To others, having high-quality ratings comes with even bigger stakes.
Catering to the desert
At a preschool on the edge of Greeneville, Shirley Leftwich and two of her aids take care to put toys back in their spots while still keeping an eye on the 12 children in their care.
Leftwich has been in childcare for 40 years, and has spent the past six operating Eagle Heights Preschool in Greene County, a county the state designates a childcare desert.
The toys don’t need to be organized for the sake of tidiness, Leftwich says. She could be docked on a state evaluation if she doesn’t have enough blocks, if everything isn’t labeled or if less than 80% of her walls are covered in colorful posters and pictures.
The Noah’s Ark playset perched in the front yard will probably have to go, too. She said she got points docked on her last evaluation because the mulch wasn’t deep enough in certain spots around the playset after the children had played on it.
Childcare isn’t supposed to be easy, she said – she’d done it for 30 years in California. But she described keeping up with Tennessee regulations as “overwhelming.”
“It’s all about counting toys,” Leftwich said. “You can’t put certain toys next to each other . . . if you have your kitchen stuff over in your block area, you could get in trouble.”
Leftwich’s facility is classified by the state as a “group home.” Group homes are regulated by the state but are smaller than “childcare centers.”
Leftwich said her center depends on her accreditation. To enroll children who participate in the state’s Child Care Certificate Program, a facility is required to participate in the Three-Star Quality Program.
“They’ll tell you that you have an option, but our society right now, a lot of parents need help,” Leftwich said. “So if anybody has any type of funding, you can’t take that funded child if you don’t have the Stars program.”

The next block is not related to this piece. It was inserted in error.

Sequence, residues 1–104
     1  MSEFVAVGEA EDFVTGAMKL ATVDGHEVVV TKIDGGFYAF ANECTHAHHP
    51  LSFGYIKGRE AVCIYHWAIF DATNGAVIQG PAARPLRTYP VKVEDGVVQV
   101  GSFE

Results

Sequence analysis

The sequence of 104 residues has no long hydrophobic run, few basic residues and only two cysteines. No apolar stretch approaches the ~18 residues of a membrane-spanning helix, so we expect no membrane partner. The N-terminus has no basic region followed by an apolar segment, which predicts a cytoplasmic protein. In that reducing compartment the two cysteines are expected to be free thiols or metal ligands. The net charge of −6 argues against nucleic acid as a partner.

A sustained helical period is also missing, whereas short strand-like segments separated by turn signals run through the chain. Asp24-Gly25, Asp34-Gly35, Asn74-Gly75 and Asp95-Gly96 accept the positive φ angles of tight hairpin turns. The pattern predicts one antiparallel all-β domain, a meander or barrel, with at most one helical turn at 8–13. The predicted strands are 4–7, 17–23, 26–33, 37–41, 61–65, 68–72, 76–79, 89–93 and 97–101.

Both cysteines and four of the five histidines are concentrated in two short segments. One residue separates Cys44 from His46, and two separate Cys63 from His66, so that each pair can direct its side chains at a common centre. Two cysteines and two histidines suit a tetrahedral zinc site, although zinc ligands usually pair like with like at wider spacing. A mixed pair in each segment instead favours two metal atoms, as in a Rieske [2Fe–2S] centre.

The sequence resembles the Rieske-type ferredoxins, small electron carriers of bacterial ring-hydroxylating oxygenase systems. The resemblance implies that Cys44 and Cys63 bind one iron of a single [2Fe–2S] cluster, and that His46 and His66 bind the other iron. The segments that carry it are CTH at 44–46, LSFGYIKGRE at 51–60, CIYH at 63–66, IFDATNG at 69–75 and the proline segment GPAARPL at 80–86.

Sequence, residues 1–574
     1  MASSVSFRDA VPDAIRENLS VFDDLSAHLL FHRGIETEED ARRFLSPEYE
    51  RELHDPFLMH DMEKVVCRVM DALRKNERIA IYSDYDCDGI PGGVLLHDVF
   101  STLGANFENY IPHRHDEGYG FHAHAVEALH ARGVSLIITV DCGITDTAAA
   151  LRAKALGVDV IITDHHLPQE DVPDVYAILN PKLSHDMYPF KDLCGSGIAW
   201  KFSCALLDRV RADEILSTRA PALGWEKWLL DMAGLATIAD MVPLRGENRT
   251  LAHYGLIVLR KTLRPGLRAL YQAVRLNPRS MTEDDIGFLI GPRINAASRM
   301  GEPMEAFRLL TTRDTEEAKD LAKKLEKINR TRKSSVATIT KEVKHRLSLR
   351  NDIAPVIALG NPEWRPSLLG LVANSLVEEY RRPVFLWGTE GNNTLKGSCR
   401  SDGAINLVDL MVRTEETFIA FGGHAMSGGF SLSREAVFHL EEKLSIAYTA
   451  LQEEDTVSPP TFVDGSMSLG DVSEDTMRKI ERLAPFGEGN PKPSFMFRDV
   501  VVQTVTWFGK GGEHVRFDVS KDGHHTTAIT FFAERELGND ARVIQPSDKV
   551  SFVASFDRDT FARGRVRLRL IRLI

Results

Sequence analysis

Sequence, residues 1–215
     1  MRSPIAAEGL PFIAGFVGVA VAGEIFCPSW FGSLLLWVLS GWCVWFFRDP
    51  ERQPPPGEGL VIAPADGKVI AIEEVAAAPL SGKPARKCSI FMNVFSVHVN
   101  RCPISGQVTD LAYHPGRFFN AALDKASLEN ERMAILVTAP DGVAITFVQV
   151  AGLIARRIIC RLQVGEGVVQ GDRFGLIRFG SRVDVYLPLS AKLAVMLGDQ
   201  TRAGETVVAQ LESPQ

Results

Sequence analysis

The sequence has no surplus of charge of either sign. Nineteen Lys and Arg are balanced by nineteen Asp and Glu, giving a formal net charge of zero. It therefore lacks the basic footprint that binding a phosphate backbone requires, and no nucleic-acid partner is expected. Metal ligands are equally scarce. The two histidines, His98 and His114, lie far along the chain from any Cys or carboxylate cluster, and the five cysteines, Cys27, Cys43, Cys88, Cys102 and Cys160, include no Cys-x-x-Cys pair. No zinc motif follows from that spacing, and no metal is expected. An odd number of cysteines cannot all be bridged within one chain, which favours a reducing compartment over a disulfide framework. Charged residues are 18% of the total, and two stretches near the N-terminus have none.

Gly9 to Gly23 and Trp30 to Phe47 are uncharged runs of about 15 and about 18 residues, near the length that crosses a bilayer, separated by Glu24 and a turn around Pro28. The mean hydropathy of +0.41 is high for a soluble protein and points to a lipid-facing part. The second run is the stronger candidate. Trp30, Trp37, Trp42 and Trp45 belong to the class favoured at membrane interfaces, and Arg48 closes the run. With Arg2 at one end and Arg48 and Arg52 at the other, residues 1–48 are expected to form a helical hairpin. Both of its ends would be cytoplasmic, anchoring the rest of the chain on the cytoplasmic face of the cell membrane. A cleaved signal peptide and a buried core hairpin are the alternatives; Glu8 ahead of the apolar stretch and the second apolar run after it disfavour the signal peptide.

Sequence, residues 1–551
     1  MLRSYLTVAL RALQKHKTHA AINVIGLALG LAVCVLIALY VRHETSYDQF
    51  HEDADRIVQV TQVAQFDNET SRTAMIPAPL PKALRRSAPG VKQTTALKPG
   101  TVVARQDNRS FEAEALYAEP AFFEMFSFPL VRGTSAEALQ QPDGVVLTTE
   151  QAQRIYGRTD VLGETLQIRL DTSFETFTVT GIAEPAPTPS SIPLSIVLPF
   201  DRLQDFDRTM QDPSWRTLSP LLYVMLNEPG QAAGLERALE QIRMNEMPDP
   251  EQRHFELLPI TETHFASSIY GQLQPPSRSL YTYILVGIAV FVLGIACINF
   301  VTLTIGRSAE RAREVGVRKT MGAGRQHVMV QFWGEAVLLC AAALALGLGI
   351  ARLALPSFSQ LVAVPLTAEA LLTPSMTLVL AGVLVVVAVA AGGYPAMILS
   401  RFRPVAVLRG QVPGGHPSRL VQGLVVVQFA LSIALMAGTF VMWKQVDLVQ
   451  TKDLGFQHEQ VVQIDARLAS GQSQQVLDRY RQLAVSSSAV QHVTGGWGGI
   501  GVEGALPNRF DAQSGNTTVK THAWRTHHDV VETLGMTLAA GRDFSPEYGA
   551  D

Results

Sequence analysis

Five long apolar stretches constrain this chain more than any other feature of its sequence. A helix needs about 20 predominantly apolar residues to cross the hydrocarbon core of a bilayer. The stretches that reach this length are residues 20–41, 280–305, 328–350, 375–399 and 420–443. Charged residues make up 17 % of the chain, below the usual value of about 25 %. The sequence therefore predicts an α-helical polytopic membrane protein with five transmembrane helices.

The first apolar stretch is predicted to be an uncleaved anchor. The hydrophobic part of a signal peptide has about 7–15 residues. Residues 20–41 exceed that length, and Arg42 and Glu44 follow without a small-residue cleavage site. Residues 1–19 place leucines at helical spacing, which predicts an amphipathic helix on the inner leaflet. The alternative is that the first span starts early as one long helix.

Leftwich clarified that just participating in the program opens the door for centers to accept state-funded children, so a facility with zero stars can still accept state-funded children.
But that’s less money that the facility gets reimbursed from children in the state certification program. For Leftwich, that’s nearly all of her students.
“It’s all just so complicated,” she said. “Or it’s just made to be complicated.”
Changes from the state
Leftwich said help came this year through the state’s new mentoring program.
She got 20 hours of help from a mentor who helped make sure the facility was up to pass the Star Quality scoring system, and she said her facility went from zero to three stars in a matter of months after six years of missing the mark.
Arnold said the Department of Human Services is “continuously working to encourage new programs to open.”
He said the department provides mini-grants to help facilities meet standards or open secondary locations, and has recently increased the reimbursement rate agencies get from the state’s certificate program.
“Our hope is these actions we’ve taken will help individuals with the expenses to operate and open a licensed childcare business and expand one that’s already operating,” he said.
For childcare specialists like Turner and Leftwich, the answer might lay in a re-examination of the state’s scoring system. To them, there are still too few childcare facilities with long waiting lists and parents searching for help.
“In Tennessee what we really want is we want more care and we want that care to be high-quality,” Turner said. “I think there are a lot of centers that want to open, but they don’t want to mess with being accredited by the state.”